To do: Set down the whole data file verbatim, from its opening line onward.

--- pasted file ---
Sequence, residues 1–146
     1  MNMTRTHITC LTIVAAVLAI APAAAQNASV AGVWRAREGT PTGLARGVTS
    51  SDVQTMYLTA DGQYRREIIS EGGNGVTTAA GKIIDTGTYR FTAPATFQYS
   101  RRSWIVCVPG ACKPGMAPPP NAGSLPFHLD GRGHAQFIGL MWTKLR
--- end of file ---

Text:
Sequence, residues 1–146
     1  MNMTRTHITC LTIVAAVLAI APAAAQNASV AGVWRAREGT PTGLARGVTS
    51  SDVQTMYLTA DGQYRREIIS EGGNGVTTAA GKIIDTGTYR FTAPATFQYS
   101  RRSWIVCVPG ACKPGMAPPP NAGSLPFHLD GRGHAQFIGL MWTKLR